Some of the statutory birds that migrate to Richmond each winter with the General Assembly are hard to judge by their feathers, explained the Republican senator from Newport News the other day. Often, after a bit of persistent probing, a bill introduced as a legislative eagle will begin to squawk like a buzzard.
But this year, complained Sen. Herbert Bateman, with too many bills to consider in the session's final six days, it is particularly difficult for Virginia's lawmakers to separate the fiar bills from the fowl.
"There's a high risk of some real turkeys flying through the legislature without comment," said Bateman.
There is a considerable difference of opinion here about whom to blame for throwing Virginia's lawmakers into the Capitol with 1,600 bills and only five weeks to study them.
Many legislators are unhappy with the General Assembly leaders who decided to cut this odd-year's short session by more than a week from its normal 51-day length. The leadership, as well as individual senators and delegates, are blaming their colleagues for trying to fly too many unnecesssary bills.
One thing most members do agree on is that the night meetings, weekend sessions and the general frenzy of this year's lawmaking convocation has produced some questionable legislation.
"We're doing some sloppy work," said Del. Elise Heinz (D-Arlington).
"We are forcing ourselves at such a pace that we are going to make some dramatic mistakes," warned Del. Warren Barry (R-Fairfax), who saw one of his bills executed two Sundays ago by House Democrats during a fit of partisan pique. "The majority of the Democrats decided they would simply kill all Republican-backed measures. Everybody was just worn thin."
The odd-year sessions were begun 10 years ago to mop up legislation introduced during the previous yer's 10-week session and to adjust the biennial budget. But in the last six years, the amount of new legislation introduced during the short sessions has grown geometrically. This year, the General Assembly is considering only 200 fewer bills than last year's regular session.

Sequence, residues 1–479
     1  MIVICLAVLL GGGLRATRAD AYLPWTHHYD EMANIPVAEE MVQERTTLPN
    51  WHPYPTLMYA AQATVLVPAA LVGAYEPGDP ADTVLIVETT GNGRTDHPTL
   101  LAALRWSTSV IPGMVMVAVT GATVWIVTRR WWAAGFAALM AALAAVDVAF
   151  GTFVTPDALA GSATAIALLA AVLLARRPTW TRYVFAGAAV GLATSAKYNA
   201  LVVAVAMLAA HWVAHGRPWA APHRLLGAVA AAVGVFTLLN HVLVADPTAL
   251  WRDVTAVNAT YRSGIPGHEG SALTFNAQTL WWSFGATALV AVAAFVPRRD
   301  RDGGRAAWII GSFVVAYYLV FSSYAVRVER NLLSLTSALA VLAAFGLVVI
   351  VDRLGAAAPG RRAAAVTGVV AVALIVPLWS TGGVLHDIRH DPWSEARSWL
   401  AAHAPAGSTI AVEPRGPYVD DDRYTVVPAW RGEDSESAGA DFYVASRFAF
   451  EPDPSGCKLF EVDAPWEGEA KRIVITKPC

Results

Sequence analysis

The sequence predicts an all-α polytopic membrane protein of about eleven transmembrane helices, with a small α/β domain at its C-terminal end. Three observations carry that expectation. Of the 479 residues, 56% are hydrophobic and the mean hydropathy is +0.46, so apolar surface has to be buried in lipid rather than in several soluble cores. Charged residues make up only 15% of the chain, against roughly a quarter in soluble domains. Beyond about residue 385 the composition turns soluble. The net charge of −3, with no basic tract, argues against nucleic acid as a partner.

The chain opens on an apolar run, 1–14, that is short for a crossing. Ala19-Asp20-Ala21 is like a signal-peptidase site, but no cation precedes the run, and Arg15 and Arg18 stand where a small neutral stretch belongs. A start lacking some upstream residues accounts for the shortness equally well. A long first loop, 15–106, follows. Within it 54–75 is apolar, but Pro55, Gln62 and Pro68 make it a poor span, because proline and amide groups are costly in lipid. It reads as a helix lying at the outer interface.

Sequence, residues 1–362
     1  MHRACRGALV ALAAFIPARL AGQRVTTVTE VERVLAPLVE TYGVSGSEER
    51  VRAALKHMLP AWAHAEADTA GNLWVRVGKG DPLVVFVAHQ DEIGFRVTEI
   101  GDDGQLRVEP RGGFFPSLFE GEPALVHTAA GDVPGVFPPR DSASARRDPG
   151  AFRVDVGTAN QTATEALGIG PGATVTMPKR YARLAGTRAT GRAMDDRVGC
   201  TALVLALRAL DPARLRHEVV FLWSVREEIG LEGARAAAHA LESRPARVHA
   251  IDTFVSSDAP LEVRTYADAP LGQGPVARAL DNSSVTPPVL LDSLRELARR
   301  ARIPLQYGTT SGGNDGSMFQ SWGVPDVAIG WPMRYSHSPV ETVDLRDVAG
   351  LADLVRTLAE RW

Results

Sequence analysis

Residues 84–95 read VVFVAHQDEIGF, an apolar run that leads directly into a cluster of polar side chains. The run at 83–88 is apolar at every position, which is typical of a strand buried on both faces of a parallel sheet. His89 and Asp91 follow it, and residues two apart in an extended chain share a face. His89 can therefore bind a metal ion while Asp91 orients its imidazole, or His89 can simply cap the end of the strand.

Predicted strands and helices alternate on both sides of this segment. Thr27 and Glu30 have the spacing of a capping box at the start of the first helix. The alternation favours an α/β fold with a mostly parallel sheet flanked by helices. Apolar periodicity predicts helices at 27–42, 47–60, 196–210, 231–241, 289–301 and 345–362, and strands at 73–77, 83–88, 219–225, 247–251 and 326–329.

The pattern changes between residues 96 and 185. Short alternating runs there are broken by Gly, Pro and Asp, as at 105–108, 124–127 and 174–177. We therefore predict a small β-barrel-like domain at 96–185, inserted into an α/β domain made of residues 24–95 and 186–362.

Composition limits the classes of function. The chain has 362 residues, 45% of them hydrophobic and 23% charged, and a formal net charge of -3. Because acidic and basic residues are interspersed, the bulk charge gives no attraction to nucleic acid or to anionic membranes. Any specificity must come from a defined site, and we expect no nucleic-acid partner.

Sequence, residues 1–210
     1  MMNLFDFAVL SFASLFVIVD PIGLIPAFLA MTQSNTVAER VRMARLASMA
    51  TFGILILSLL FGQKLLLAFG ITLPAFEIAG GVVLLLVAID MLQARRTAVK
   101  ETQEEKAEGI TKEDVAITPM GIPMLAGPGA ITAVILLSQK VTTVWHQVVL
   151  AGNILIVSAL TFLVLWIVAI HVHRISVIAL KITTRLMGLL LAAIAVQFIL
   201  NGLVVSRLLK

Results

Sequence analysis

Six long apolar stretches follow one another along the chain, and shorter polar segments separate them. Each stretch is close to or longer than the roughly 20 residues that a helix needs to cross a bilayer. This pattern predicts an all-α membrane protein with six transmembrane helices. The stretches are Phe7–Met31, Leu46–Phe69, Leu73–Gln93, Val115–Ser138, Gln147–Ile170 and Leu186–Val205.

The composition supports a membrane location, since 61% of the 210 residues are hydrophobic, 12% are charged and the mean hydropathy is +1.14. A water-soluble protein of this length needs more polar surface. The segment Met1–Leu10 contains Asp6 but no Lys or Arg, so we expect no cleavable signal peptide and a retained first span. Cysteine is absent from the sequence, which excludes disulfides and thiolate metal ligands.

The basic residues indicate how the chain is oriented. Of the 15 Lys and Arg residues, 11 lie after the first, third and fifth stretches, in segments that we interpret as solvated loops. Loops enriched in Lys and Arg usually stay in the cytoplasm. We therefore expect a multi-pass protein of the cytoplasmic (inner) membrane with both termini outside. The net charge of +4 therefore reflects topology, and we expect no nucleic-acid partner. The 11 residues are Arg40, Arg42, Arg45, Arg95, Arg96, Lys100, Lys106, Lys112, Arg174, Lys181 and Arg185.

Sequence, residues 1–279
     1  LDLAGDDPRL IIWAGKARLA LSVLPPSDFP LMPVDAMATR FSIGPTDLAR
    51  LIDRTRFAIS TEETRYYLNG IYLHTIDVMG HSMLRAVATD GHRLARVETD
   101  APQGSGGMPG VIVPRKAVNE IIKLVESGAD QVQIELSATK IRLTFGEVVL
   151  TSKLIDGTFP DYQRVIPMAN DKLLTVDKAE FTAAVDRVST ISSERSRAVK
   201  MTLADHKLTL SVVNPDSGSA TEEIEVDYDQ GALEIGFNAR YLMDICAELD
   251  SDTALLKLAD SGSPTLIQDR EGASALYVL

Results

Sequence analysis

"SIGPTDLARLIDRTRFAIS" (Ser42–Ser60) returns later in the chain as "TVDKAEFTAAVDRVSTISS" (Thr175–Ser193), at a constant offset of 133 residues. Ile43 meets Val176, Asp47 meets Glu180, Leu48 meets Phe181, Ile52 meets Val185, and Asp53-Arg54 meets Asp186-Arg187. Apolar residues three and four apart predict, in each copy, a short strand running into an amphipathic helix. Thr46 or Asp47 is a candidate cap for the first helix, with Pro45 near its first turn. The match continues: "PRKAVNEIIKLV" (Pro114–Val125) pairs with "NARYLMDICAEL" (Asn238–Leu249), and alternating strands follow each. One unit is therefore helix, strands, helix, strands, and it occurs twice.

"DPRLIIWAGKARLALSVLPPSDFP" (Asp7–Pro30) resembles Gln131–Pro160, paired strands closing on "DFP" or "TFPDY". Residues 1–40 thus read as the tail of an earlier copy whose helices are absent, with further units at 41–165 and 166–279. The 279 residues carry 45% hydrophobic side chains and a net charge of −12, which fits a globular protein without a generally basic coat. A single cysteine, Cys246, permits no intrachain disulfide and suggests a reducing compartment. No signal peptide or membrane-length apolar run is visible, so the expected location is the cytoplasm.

"Half of what we do are junk bills," said Del. Vincent Callahan (R-Fairfax).
Earlier this month, Callahan cosponsored a resolution to limit the type of bills considered during the off year to those dealing with appropriations, budget adjustments and emergencies, with a special exemption for bills introduced by the governor. In all cases, three-quarters of the legislature would need to approve any bill before it could be considered.
That measure, which would amend the state Constitution, was defeated in the House. But a similar resolution was passed in the Senate and will be considered soon by a House committee.
Opponents of both resolutions argue that limiting their lawmaking power would give more control to the office of the governor, which many legislators feels is too powerful already. Besides, said critics, they were elected to legislate.
"I can't very well tell a constituent of mine, sorry, his interests are not important," said Del. Daivd Brickley (D-Prince William).
There have been lengthy debates this year over such meaty matters as the repeal of the food tax future Medicaid funding and Governor John N. Dalton's budget. Today in the House, a bill to impose stringent guidelines on sterilization of juveniles and mental incompetents passed after considerable deliberation.
But critics point to the time spent this session on other bills with less obvious significance as evidence that the business of lawmaking is out of control.
During the last four weeks, the General Assembly has concerned itself with such matters as bear wrestling, oyster tongs, pituitary glands and the Sunday hunting of weasels. A delegate from Culpeper introduced a bill that would make it a felony to steal a cat. Another delegate from Dinwiddie asked his collegues to help the town of Crewe determine whether hunting dogs should be allowed to run free within the town limits.
Many legislators blame Virginia's Dillon Rule for the mountain of legislation they must wade through each year. Under that rule, localities are prohibited from exercising any power not expressly granted to them by the state Constitution or the legislature. When Arlington County officials wanted to keep mopeds off the county bicycle trails, for instance, they had to ask Elise Heinz to introduce a bill to accomplish that.
"It's absurd that we have to come to Richmond to keep mopeds off bike trails," said Heinz, who is upset by the current legislative crunch but opposed to any constitutional amendment ot limit what she can do for her constituency. "We have a different situation in Northern Virginia than some other places in the state. A whole lot of people living all snugged up against each other create a lot of problems. And those problems need legislation."
Like Heinz, Brickley is opposed to any mandatory limits on his power. At the same time he says the bill overload has created a system of legislation by subcommittee which he predicts will be "the ruination" of Virginia's reputation for prudent lawmaking.
"Everything this session is being relegated to subcommittees. Instead of being decided on by 20-member committees, there are maybe five people on a subcommittee voting a bill up or down," said Brickley. "Because of that, probably some junk legislation is going to come out of here."
The current session, he adds ruefully, has helped make this "the worst year of my life, bar none."